Sherry Gervis, Mark Asselin's sister

Even as he fought his cancer and lived through constant pain, Asselin continued to work at the church until five days before his death.

“I mean, I’ve been able to go to work, which makes me really happy because I absolutely love my job,” he said before his end-of-life celebration.

“But of course, with the cancer and the constant pain comes the exhaustion. So it’s basically, I work through my day, and live on painkillers, morphine, trying to remain functional.”

Asselin described the pain he felt at that time, especially around his midsection, “as if somebody’s ripped the skin off of your arm.”

Medically assisted death numbers rising

Shortly after he received his terminal cancer diagnosis, Asselin said he decided to pursue medical assistance in dying (MAID).

In June 2016, the federal government passed legislation allowing eligible Canadian adults to request MAID.

In 2021, access to the procedure was expanded under Bill C-7, with the removal of the requirement that a person’s natural death must be reasonably foreseeable.

According to Statistics Canada, the number of medically assisted deaths has been growing.

There were 10,029 in 2021, an increase of 34.7 per cent from 7,446 in 2020. MAID accounted for 3.3 per cent of all deaths in Canada in 2021, up from 2.4 per cent the previous year.

Four people standing in a large hall.
Mark Asselin, with his siblings Sherry Gervis, Neil Asselin and Richard Asselin, left to right, during his celebration of life on March 18. (Jonathan Migneault/CBC)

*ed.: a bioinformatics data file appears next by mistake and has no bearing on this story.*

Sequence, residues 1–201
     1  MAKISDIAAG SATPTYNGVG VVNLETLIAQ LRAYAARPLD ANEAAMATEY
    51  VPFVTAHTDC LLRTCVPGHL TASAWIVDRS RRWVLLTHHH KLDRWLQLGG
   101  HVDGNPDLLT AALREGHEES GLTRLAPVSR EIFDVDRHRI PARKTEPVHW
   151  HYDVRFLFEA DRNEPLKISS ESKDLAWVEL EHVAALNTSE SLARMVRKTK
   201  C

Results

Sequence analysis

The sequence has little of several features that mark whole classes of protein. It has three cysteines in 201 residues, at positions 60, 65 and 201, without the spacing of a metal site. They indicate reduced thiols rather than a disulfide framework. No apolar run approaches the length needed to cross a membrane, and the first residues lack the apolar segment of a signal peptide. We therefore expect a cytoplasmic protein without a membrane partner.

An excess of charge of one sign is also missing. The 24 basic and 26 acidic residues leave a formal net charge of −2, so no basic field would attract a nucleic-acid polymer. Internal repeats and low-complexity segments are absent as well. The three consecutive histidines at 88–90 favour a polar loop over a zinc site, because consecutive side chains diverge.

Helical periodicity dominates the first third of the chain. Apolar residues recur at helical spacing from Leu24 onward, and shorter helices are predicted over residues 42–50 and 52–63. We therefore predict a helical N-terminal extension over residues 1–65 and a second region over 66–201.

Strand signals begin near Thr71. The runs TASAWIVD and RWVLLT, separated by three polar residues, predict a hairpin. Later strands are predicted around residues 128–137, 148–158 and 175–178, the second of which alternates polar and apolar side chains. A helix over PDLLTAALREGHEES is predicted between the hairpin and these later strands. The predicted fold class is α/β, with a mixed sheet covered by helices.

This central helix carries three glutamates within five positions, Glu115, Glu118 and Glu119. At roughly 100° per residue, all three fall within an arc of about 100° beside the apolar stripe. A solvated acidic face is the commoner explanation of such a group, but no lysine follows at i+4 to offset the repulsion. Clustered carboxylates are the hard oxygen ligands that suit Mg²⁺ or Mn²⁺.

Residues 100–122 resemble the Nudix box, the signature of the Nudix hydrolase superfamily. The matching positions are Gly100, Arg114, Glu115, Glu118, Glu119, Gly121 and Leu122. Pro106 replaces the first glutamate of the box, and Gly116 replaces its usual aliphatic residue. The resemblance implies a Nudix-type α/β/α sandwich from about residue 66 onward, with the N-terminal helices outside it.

Asselin said that after making his decision to seek assisted dying, he emailed all of his siblings so they would get the news at around the same time.

“I was shocked, but I wasn’t surprised,” said his brother Neil.

“I kind of had a feeling it was coming. I mean, I’ve known about his health issues for a long time. But reading it was pretty impactful. And I didn’t really know how to react.”

Neil wrote back to his brother that he “had his corner,” but still needed some time to digest the news.

Sherry Gervis, Mark’s older sister, said she thought he was brave to make that choice.

“I thoroughly support him,” she said.

“We went through a similar thing with my husband’s brother and, you know, when your quality of life is that compromised, and you’re tired and you’re in pain, to be able to say, ‘I’m going to go out on my own terms’ is pretty awesome.”

A man playing the piano while another man to his right watches.
Mark Asselin's friend, Igor Vrabac, performed an original song for him at the celebration of life. (Jonathan Migneault/CBC)

The end-of-life celebration

On March 18, the Metropolitan Community Church of Toronto held a special service in Asselin’s honour.

He wanted the CBC there to share his view with others that the end of a person’s life doesn’t have to be a sad moment, but can instead be a time of joy and celebration.

Asselin slowly made his way to the pulpit, smiling through his pain, to a friend’s rendition of the Pharrell Williams song Happy.

“With that opening song, I can pretty much guess this is not the type of celebration of life you typically attend or are expecting,” Asselin said to a large gathering of his friends, family and the congregation.

“But this is my celebration of life, and I’m happy.”

A drag performer singing in front of a crow.
Drag queen Naomi Leone performed at Mark Asselin's celebration of life party in Toronto. (Jonathan Migneault/CBC)

That evening, Mark hosted a party that featured karaoke, a performance by drag queen Naomi Leone and an original song in his honour, performed on the piano by his friend, Igor Vrabac.

“From my point of view, I’m going to try and remain as upbeat as possible and try and impress my feeling upon others that they should rejoice in my honour,” Mark said, referring to his friends and family members.

“Join me in being happy. I’m happy for them. I’m happy for the time they’ve given me. I’m happy for knowing them.”

Support is available for anyone who has been sexually assaulted. You can access crisis lines and local support services through this Government of Canada website or the Ending Violence Association of Canada database. ​​If you’re in immediate danger or fear for your safety or that of others around you, please call 911.